Chemical composition and antimicrobial properties of essential oils of three Australian Eucalyptus species

Martin Gilles, Jian Zhao, Min An, Samson Agboola

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274 Citations (Scopus)
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This study investigated the chemical composition and antimicrobial properties of the essential oils of three common Australian Eucalyptus specie, namely E. oilida, E. staigeriana and E. dives. Essential oils were obtained by steam distillation of fresh leaves of the plant and their chemical composition was determined by gas chromatography coupled with mass spectrometry. Antimicrobial activity of the essential oils was tested by the agar disc diffusion method against a range of foodborne pathogens and spoilage bacteria and yeast. Yield of essential oils ranged from 2.13 to 3.12% on a fresh weight basis, with E. oilida and E. staigeriana giving the highest and lowest yield, respectively. A total of 24 compounds were identified from the essential oil of E. dives, with the dominant compounds being piperitone (40.5%), '-phellandrene (17.4%), p-cymene (8.5%) and terpin-4-ol (4.7%). For E. staigeriana, 29 compounds were identified with 1,8-cineole (34.8%), neral (10.8%), geranial (10.8%), '-phellandrene (8.8%) and methyl geranate (5.2%) being the dominant ones. In contrast, a single compound, (E)-methyl cinnamate, accounted for 99.4% of the essential oils of E. oilda, although 19 compounds were identified. The essential oils displayed a variable degree of antimicrobial activity with E. staigeriana oil showing the highest activity. In general, Gram-positive bacteria were found to be more sensitive to the essential oils than Gram-negative bacteria. S. aureus was the most sensitive strain while P. aeruginosa was the most resistant. The particularly high antimicrobial activity of E. staigeriana essential oil, especially against S. aureus, suggests that it may have a promising prospect for applications in food and potentially pharmaceutical products.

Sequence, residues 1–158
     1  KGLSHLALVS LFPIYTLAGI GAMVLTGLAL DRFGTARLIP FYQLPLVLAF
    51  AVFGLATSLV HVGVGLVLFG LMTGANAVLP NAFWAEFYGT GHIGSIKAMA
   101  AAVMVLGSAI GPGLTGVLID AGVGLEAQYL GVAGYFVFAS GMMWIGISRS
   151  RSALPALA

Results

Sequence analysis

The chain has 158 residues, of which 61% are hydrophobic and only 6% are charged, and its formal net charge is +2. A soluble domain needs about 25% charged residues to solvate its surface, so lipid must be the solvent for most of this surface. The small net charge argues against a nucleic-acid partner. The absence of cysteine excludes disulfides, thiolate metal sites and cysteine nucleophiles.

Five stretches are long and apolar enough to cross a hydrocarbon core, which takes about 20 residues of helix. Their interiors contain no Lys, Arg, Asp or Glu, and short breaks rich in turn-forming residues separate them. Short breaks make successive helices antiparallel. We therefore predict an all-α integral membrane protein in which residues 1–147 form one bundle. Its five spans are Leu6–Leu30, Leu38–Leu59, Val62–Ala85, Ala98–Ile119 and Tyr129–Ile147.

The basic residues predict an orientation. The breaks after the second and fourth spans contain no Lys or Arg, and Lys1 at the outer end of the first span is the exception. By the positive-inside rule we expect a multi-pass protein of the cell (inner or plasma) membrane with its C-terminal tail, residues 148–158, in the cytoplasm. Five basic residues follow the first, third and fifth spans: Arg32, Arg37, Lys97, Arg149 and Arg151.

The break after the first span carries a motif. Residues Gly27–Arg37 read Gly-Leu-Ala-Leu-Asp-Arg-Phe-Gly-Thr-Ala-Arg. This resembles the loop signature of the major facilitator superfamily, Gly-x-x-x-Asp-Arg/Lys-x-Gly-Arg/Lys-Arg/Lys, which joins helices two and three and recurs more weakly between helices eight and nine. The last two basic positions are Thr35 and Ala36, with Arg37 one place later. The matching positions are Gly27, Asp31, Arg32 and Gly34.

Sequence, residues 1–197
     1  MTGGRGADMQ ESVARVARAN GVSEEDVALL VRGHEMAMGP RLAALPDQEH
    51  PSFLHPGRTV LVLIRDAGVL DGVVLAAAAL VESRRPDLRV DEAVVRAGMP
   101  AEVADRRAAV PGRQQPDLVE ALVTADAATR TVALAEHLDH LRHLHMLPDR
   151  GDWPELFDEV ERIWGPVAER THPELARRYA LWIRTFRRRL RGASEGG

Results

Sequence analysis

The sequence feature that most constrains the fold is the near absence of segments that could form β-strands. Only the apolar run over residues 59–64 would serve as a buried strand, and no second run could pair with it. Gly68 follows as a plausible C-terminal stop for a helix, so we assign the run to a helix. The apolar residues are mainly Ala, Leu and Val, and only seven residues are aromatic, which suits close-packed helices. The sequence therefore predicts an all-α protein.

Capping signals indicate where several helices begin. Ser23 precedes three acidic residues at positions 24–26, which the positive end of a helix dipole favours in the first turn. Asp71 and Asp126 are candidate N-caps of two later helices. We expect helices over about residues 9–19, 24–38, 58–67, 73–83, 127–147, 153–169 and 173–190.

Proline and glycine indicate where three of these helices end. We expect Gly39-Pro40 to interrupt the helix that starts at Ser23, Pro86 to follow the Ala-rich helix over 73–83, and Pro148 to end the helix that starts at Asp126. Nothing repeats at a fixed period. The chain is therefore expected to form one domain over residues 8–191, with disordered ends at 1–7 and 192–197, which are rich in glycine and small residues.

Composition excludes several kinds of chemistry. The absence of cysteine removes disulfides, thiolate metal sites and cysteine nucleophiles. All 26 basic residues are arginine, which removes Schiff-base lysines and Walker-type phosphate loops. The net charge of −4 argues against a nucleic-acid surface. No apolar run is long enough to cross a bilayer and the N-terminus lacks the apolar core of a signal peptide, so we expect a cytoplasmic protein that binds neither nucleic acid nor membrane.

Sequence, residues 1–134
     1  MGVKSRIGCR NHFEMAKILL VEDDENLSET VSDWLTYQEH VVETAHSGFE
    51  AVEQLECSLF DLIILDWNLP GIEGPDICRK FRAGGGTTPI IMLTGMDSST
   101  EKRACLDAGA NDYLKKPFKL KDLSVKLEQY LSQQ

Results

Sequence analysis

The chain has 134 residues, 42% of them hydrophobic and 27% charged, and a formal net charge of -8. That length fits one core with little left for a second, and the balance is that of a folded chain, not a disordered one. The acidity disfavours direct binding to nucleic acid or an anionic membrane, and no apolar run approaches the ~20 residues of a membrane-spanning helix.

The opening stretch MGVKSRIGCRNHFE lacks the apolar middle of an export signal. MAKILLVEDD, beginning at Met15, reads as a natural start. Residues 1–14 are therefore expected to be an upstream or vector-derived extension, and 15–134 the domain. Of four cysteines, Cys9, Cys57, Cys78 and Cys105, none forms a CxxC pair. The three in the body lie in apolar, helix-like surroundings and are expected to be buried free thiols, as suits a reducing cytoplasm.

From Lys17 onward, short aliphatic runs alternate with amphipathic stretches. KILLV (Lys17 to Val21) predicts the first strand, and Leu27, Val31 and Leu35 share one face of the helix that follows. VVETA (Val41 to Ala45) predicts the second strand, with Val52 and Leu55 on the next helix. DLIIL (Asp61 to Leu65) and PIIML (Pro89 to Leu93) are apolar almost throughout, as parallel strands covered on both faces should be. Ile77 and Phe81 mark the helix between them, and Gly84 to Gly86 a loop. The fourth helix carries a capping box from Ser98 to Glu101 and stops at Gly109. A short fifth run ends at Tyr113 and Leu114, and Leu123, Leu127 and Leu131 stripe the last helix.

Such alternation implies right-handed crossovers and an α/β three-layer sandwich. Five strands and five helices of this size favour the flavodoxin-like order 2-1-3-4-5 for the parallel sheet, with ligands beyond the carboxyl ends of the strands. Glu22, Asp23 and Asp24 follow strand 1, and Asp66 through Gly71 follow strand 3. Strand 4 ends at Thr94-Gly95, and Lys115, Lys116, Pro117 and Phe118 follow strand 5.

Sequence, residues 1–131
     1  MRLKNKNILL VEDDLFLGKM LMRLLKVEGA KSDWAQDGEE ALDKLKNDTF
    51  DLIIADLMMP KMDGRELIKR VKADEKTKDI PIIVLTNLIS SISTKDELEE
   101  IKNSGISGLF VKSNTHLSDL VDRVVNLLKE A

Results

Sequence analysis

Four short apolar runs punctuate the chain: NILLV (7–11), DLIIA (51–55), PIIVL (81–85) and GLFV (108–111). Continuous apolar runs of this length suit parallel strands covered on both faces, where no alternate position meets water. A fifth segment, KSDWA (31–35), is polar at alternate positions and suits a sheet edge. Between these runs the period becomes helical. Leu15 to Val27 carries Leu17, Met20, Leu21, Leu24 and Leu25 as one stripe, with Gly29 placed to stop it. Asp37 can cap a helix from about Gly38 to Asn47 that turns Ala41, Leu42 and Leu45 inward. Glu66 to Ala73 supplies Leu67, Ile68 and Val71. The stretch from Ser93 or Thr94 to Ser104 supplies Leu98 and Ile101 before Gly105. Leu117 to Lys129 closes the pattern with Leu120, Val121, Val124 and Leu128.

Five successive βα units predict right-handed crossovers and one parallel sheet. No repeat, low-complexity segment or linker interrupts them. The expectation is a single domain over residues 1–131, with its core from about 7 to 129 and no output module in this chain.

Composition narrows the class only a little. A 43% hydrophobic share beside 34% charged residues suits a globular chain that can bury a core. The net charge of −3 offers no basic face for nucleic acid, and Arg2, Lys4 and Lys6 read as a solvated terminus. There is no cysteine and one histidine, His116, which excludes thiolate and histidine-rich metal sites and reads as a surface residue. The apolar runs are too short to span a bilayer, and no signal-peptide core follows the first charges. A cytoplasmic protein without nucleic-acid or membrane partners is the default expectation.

Original languageEnglish
Pages (from-to)731-737
Number of pages7
JournalFood Chemistry
Issue number2
Publication statusPublished - Mar 2010


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